Many of you are curious as to what I am doing these days, so I thought I would use today's column to provide you an update.

Lots of you are still calling, texting, emailing and otherwise expressing your support and concern for me, and that is really touching and very much appreciated. In the words of my Aunt Inez in Georgia, "It's even kinda cute."

You’re asking if I will I be back on a radio station, what I am doing on television, where I am speaking, how my family is doing, if I've found another job yet, if we can go to lunch, and if I'm available for hire. Others are reaching out to tell me they enjoyed being on my show.

So, some answers, in order of those questions and comments:

I’m not sure if I want to do more radio;

My business is doing well and I’m doing a lot of television;

The next place I will be publicly speaking will be as co-master of ceremonies for the Hall of Fame Queen’s Pageant on May 4 (and I have been invited to attend the Fox TV town hall in North Canton Tuesday);

I’m blessed to be able to say my family is doing fine;

I’m not necessarily looking for another job;

Sure, we can go to lunch;

It depends on what you want to hire me to do;

And, I enjoyed having you on my show!

I do have to acknowledge, however, that I miss talking to all of you and being invited into your lives and your homes and your cars and your computers and your phones. And I miss exchanging opinions, listening to yours and you listening to mine. Fortunately, today, broadcast radio is not the only way to do any of that, so that will soon be remedied.

I am very busy these days, too. My main priority right now is to complete the documentaries that my company is producing, especially one on retired Congressman Ralph Regula. I have learned so much from spending time with the congressman and his family and doing research. It seems that everyone I ask has something good to say about Ralph. One reason, I have come to realize, is that he has touched so many lives in so many ways, and not just here in what used to be the 16th Congressional District.

I’ve hung on every word as he has spoken about working in a bipartisan way with late Democrat Congressman John Seiberling to develop the Cuyahoga Valley National Park, or current Democratic Minority House Leader Nancy Pelosi on her Presidio Park project in California, or how he taught Congresswoman Mary Rose Oakar how to milk a cow. He's also discussed his support for funding research at the National Institute of Health, and helping to expand the runways at Akron-Canton Airport. And the list goes on.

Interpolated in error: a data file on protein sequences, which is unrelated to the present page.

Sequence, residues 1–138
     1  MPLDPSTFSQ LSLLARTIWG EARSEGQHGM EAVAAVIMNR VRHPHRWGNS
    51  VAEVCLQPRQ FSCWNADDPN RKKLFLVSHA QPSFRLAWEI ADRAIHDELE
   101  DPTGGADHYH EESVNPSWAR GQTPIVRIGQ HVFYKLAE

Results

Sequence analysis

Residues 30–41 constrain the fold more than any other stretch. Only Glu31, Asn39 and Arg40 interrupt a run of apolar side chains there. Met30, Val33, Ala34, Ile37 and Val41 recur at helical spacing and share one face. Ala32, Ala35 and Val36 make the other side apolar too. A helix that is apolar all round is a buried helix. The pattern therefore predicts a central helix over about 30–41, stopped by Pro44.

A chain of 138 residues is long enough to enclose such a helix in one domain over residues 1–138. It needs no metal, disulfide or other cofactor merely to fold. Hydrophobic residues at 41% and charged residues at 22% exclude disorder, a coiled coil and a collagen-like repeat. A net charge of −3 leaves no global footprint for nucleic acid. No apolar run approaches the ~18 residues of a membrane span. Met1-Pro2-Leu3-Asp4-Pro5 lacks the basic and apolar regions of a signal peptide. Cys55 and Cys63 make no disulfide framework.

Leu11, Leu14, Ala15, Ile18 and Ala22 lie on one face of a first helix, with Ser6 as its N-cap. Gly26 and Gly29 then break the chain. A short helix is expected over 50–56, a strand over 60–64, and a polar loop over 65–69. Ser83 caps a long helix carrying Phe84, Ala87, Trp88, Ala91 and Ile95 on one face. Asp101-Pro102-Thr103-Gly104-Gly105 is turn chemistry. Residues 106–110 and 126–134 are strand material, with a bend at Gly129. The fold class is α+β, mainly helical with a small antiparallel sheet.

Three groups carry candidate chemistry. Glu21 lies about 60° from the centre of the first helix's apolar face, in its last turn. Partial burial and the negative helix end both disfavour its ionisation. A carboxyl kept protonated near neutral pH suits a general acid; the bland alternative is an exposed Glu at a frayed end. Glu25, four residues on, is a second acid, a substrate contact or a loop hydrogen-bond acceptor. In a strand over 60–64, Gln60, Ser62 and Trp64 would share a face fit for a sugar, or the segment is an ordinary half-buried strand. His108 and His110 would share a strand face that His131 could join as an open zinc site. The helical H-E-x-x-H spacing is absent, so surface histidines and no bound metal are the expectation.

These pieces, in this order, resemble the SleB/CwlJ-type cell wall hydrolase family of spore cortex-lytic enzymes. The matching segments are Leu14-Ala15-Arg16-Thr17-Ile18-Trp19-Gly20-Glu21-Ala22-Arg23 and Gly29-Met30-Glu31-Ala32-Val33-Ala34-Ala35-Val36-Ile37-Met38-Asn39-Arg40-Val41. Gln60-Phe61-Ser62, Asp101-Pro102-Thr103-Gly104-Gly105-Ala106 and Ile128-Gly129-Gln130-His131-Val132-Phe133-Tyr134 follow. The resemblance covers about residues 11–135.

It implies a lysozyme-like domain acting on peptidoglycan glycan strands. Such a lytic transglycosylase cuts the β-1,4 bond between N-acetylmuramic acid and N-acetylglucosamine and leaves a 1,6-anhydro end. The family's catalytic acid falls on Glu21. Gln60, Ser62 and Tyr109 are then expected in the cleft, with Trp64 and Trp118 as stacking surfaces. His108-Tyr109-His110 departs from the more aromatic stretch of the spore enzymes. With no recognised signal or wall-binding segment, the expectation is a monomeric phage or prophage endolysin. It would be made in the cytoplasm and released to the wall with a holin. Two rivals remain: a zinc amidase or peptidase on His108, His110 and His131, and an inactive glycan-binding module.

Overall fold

I have enjoyed talking to his former staff members, who all still address him as Mr. Regula, even though many of us know him simply as Ralph. They all speak of his work with his constituents and his devotion and determination to help anybody who requested it, regardless of party, district, race or gender.

I recall last fall, sitting on the congressman’s porch down on his farm.  As I listened to him casually talk about his relationships with presidents and other important figures, his accomplishments and how much he loves his cows, my mind wandered to what Washington and its players are like today. It's much different today than when Ralph Regula walked the halls of Congress.

In today’s Washington, where alternative facts, obfuscation, name-calling, disrespect, threats, incompetence, outright lies — and maybe treason — are all battling to be the new American political standard, a conversation with Regula can assure you of true reality and remind you of how politics really should be.

If Ralph Regula told you where an armada was located, you could believe him. ‘Nuff said.

So, for those of you who have been wondering and asking, I hope this provides some answers to your questions. I am blessed, and hope to continue to be!

And finally, there is plenty of fodder for future columns here in the Repository. I look forward to commenting on many of these issues  in my own Ponderian way. Local, state and national politics, the state budget, race relations, health care, tax reform, police-community relations — all of these issues (and more) are begging for a discussion.

But once again, I thank you all. My Aunt Inez from Georgia is right, and I remain blessed.

Update complete. For now.